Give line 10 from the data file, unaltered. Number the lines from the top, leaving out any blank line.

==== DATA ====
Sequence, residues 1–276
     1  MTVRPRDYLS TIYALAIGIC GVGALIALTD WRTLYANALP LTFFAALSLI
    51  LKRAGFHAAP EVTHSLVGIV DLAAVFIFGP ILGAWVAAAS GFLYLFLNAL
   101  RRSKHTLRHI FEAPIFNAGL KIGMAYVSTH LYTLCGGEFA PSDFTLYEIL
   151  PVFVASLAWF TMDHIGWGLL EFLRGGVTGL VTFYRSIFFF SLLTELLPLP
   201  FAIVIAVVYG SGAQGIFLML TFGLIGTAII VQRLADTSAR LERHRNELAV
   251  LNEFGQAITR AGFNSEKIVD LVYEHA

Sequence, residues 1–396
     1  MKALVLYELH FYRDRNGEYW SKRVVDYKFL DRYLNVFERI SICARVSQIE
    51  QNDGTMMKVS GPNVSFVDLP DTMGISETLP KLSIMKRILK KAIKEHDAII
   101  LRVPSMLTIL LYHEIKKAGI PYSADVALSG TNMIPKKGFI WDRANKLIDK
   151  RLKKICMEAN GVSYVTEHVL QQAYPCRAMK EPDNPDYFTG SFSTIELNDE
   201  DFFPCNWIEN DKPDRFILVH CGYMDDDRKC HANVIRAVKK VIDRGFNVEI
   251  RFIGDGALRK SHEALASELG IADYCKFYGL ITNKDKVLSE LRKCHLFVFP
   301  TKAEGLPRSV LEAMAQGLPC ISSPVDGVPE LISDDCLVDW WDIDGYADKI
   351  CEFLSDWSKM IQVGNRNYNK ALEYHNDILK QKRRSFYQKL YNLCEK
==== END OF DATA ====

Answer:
    51  QNDGTMMKVS GPNVSFVDLP DTMGISETLP KLSIMKRILK KAIKEHDAII